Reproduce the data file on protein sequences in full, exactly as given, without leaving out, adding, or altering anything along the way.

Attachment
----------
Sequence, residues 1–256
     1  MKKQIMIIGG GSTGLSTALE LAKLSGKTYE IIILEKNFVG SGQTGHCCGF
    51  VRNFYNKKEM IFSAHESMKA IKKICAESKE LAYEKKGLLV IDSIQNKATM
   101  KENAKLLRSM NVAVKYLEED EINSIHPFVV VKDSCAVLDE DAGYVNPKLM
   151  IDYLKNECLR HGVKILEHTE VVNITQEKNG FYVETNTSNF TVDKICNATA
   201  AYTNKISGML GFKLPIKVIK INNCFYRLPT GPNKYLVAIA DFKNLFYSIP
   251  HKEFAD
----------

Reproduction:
Sequence, residues 1–256
     1  MKKQIMIIGG GSTGLSTALE LAKLSGKTYE IIILEKNFVG SGQTGHCCGF
    51  VRNFYNKKEM IFSAHESMKA IKKICAESKE LAYEKKGLLV IDSIQNKATM
   101  KENAKLLRSM NVAVKYLEED EINSIHPFVV VKDSCAVLDE DAGYVNPKLM
   151  IDYLKNECLR HGVKILEHTE VVNITQEKNG FYVETNTSNF TVDKICNATA
   201  AYTNKISGML GFKLPIKVIK INNCFYRLPT GPNKYLVAIA DFKNLFYSIP
   251  HKEFAD